For a copy of a medieval mosaic, the artists use enamel pieces and make the gold tiles in the same manner as medieval artists. The tiles are not painted. They are either colored stone or dyed glass paste. To restore mosaics, the studio keeps on hand colored tiles from its works. At the height of the studio’s activity, there were 30,000 colors of tiles catalogued.

As we are speaking, one of the artists entered a little room next to the workroom. «He’s going to make a color, another special studio technique,» di Buono said. The master takes some blue and yellow enamel pieces and heats them with a blowtorch fusing the shades together so that the pale blue is speckled with the yellow.

Di Buono explained: «This is the ‘filato’ technique — the most characteristic of the mosaic studio. It was invented by the studio in the 19th century and we are still finding innovative ways of using it.»

It works well for the mosaic copies of modern paintings. This piece is for a copy of a Van Gogh. The artist’s study of the Dutch painter’s colors, brushstroke and style comes out in the mosaic. Instead of square tiles, many have been cut into arcs to emulate the distinctive lines of Van Gogh’s brush. The pieces are laid unevenly, some raised high above the surface of the work to create the light-catching effect of the painter’s heavy daubs of oil pigment. The rich complex colors are achieved with the filato technique.

«Each mosaic tells a story beyond the picture,» noted the director. «The tiles, technique and color reflect choices and offer insights into the work of art. It just takes time to read the story.»

Sometimes the real beauty even of monumental works is found in the tiniest details.

* * *

Rome’s French Gem

King and saint are not easy things to combine. Aug. 25, however, commemorates one of the greatest success stories of blending the trappings of royalty with selfless sanctity, the feast of St. Louis IX of France.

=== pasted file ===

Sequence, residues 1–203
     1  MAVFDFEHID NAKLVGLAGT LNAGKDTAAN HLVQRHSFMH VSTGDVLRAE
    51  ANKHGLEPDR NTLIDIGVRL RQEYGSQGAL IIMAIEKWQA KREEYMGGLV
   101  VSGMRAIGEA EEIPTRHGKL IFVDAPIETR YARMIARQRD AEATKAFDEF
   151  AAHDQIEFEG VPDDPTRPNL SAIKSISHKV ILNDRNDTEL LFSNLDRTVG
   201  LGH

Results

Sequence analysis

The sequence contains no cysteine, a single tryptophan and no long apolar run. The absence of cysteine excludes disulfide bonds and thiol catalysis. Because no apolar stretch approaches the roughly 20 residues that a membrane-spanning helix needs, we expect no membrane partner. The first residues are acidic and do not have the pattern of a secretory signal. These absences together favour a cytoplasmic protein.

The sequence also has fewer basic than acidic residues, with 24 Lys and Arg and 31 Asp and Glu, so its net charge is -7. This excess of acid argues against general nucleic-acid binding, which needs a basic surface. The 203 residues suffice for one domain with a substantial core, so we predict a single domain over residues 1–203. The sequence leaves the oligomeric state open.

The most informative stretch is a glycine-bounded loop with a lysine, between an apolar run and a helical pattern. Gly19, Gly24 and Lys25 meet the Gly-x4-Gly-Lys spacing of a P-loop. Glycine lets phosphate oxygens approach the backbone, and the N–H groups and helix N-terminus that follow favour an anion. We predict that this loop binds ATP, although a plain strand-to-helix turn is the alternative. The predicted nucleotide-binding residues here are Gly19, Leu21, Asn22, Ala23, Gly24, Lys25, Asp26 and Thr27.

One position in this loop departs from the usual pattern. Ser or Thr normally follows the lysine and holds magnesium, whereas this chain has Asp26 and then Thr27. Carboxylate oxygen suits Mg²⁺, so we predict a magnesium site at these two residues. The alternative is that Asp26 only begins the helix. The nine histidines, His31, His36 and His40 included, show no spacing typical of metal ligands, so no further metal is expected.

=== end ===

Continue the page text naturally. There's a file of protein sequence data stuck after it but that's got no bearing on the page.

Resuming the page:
Born in 1214 or 1215 to King Louis VIII and Blanche of Castile, Louis IX became king of France at the unlikely age of 11. His mother, ruling as regent while Louis was still underage, deeply influenced the future saint, telling him that she would «rather see him dead at her feet than guilty of a mortal sin.»

This extraordinary ruler led two Crusades, assisted Robert of Sorbonne in founding what is today the world renowned Sorbonne University in Paris, and commissioned the exquisite architectural gem, Sainte Chapelle. While battling for conversions on one front, he was inspiring souls at home through art and study.

In 1270 Louis IX died after embarking on the seventh Crusade. He had declared that to see the emir of Tunis baptized he would himself joyfully spend his life in Saracen chains — no small frivolous claim as the king had spent three years in a Saracen prison during the sixth Crusade.

Indeed, the serene acceptance of his imprisonment and the prayerful example he set during his confinement is often cited as a demonstration of the heroic virtue of this great saint.

St. Louis left another great legacy 300 years after his death, this time in Ro
me — the Church of San Luigi dei Francesi. Built in 1580 as the French National church in Rome and dedicated to this great saint-king, the church became a magnet for splendid art patronage, boasting the first public works by Caravaggio.

The St. Matthew cycle executed by Caravaggio from 1598 to 1601 remains to this day one of Rome’s greatest artistic and spiritual treasures. In the little chapel at the left transept, the brilliant painter portrayed scenes of St. Matthew’s calling, his writing of the Gospel and his martyrdom.

On this feast day, the panel of «The Calling of St. Matthew» is the most poignant. Matthew, as tax collector, is represented as wealthy and privileged. Wearing luxurious silks and velvets worthy of royalty, Matthew is interrupted as he sits with his friends by a barefoot, woolen-cloaked Jesus who gestures toward the future evangelist. Like King Louis, Matthew leaves all his comforts behind to follow Jesus into hardship and death.

Caravaggio added his own unique touch to the story through the dramatic use of shadow and light. Caravaggio brought out Matthew’s uncertainty in his ability to follow the path laid before him by having the saint point to himself in amazement. Bathing Matthew’s face in bright light from no apparent source, however, reminds viewers that God’s grace is ready to carry all sinners, if we will only heed it.

For 400 years this painting has battled neglect, controversy and cynical interpretation to bolster faltering souls and stimulate conversions.

St. Louis must be very proud, in a holy sort of way.

* * *

Elizabeth Lev teaches Christian art and architecture at Duquesne University’s Rome campus. She can be reached at